Until a few years ago, the extent of my knowledge of Vitamin D was:  You can get it by sitting in the sun, but not if you wear sunscreen; It’s in milk.; and it prevents “Rickets”.  (I remember seeing “film strips” on rickets in grade school.)
About a year ago, I was surprised to learn that I was deficient in vitamin D.
Learning that my Vitamin D levels were low served as an important reminder to me, that you can’t sit on the sidelines when it comes to your health.   Creating your health is a life long process.  You are the star of your healthcare team, you have to consider who you want on this team, and you have to research and educate yourself.
So, here’s what I did:  I read several studies and journal articles about why vitamin D is so important to us.   I looked into the importance of getting optimal levels of Vitamin D.  I learned that almost all of our bodily functions seem to rely on this important nutrient.  I also learned the difference between the optimal and adequate levels of vitamin D.  I’m now taking 6000 IU of pharmaceutical grade Vitamin D daily.
Here’s what else I learned:

10 Reasons Vitamin D is Important.
1.  Bone Health.  
 Vitamin D helps our bones absorb calcium.  Together with calcium, Vitamin D helps protect older adults from osteoporosis. 

2.  Decreased inflammation.  
might have to do with D’s role in regulating more than 200 genes and
controlling inflammation.  Elena Goleva, assistant professor of pediatrics at National Jewish Health wrote, “Patients with chronic inflammatory disease, such as asthma, arthritis, and prostate cancer who are vitamin D deficient benefit from vitamin D supplementation.”  Vitamin D is associated a series of cellular events that ultimately leads to the reduction of proteins know to increase inflammation.

3.  Decreased risk of Heart disease.
with insufficient D levels have an 80 percent greater risk of narrowing
of the arteries, according to a long-term study at Johns Hopkins.  They also found that vitamin D is involved in modulating
blood pressure.

4.  Vitamin D helps keep immune system functioning properly.  
Vitamin D instructs your white blood cells to manufacture a protein that kills infections.  During
a recent study, researchers at the Yale University School of Medicine
discovered that people with high levels of vitamin D got sick about half
as often as people with low levels. And when they did fall ill, they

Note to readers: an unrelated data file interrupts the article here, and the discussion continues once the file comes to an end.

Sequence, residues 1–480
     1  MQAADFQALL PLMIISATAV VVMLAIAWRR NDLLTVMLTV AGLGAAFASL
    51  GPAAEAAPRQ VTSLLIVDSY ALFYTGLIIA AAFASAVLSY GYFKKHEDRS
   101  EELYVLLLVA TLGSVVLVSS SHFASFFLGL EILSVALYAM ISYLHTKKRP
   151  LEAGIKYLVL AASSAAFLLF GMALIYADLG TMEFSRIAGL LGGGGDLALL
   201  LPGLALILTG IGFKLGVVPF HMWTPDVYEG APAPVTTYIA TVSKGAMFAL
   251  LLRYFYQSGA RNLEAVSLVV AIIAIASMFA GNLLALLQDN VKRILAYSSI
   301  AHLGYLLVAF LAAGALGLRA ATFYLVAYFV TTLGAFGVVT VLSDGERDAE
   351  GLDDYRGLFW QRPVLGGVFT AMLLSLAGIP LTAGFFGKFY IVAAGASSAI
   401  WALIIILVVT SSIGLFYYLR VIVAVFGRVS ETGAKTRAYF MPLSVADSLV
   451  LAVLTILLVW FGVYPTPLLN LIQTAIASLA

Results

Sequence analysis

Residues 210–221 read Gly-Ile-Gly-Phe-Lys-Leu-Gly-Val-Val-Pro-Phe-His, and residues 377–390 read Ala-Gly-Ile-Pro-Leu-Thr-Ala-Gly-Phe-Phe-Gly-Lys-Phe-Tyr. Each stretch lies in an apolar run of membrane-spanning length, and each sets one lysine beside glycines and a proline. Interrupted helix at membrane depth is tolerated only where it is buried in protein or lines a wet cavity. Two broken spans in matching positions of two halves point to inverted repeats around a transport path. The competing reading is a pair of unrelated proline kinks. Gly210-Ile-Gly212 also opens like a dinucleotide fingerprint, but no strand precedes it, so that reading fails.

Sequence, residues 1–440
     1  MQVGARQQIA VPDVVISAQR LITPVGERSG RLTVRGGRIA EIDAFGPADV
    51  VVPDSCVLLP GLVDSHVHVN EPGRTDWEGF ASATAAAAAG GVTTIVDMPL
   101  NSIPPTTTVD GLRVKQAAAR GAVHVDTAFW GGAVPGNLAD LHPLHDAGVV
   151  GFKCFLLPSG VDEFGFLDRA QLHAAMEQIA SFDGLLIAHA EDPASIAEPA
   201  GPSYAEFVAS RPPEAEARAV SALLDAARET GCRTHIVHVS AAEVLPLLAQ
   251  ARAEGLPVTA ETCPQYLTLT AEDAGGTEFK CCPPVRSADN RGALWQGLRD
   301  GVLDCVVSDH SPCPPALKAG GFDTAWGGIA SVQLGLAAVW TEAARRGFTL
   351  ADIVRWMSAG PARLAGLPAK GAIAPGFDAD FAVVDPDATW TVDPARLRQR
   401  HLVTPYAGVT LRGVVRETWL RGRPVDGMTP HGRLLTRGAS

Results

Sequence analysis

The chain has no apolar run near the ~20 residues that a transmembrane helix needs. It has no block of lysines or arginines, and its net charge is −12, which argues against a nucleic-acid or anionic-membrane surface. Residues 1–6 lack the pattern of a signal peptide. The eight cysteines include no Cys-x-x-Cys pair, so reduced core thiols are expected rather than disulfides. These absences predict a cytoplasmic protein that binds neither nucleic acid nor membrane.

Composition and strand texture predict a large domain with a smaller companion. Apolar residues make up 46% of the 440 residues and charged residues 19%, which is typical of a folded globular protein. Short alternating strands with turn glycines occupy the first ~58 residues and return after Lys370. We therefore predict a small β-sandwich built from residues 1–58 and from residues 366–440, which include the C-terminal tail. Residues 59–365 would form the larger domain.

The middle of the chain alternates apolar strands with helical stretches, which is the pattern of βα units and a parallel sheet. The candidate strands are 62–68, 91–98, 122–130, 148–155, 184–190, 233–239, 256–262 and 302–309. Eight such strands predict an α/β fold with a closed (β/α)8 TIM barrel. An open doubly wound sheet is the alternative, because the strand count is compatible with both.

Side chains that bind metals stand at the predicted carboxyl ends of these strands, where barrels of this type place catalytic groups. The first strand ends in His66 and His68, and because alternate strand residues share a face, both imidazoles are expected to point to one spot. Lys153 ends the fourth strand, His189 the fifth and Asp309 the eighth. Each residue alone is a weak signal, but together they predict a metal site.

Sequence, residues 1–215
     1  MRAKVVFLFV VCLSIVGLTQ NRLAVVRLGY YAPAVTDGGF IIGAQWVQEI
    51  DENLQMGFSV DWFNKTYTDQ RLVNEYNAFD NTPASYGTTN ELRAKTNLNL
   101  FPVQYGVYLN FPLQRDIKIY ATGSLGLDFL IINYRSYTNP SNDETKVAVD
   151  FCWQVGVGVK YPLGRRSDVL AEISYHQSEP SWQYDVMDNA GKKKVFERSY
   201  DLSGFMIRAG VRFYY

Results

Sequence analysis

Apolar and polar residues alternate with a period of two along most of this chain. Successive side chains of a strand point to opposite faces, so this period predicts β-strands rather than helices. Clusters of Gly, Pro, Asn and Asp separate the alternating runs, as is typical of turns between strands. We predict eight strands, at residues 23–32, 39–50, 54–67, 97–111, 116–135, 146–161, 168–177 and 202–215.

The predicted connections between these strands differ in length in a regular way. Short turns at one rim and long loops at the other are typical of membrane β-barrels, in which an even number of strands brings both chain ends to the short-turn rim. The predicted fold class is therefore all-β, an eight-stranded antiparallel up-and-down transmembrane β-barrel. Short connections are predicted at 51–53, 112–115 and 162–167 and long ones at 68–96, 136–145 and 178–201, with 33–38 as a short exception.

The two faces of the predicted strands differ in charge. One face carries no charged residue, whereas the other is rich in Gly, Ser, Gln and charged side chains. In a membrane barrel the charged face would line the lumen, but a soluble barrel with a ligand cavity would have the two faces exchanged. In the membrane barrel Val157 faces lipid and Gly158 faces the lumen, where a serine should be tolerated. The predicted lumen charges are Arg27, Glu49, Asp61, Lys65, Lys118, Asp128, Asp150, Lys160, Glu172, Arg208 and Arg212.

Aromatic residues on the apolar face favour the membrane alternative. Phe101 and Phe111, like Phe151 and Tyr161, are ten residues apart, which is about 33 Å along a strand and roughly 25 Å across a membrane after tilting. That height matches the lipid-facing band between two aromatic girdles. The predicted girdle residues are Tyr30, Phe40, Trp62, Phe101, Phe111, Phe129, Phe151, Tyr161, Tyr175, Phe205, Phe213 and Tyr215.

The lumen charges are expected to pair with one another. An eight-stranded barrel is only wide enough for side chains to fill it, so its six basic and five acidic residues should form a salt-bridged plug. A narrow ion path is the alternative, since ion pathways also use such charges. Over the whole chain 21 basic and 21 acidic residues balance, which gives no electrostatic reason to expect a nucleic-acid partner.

recovered in fewer days.

5.  Less cancer.
   A study conducted by Cedric Garland and other
researchers determined that women with vitamin D levels above 52 ng/ml
have half the risk of developing breast cancer as those with 13 ng/ml!  Garland (et al) estimates that 58,000 new cases of breast cancer in the
U.S. could be prevented per year by raising vitamin D levels to 52

6.   Higher cancer survival rate.
“Vitamin D regulates some of the genes responsible for cellular growth and
survival, says Dr. Michael Holick, an internationally recognized expert in Vitamin D.
“It helps shut down
any out-of-control growth to prevent malignancy. If that doesn’t work,
it will help kill the cell. And if a tumor grows anyway, it will work to
cut off blood supply,” says Holick, in a review article in the New England Journal of Medicine.At the Dana-Farber Cancer Institute, researchers found that colon
cancer patients with high levels of D had a 39 percent lower chance of
dying from the disease. “And this might actually apply to all cancers,”
says Edward Giovannucci, MD, ScD, professor of nutrition and
epidemiology at the Harvard School of Public Health.

7.  Chronic pain.

A 2008 study showed that more than 25 percent of chronic pain patients
have low D levels, which could be because D helps control neuromuscular
function. And a 2010 study correlated low levels of the vitamin with
migraines and headaches. A dearth of D may prevent blood vessels from
constricting and dilating properly, which can lead to throbbing pain.

8.  Depression.
Studies have shown that Vitamin D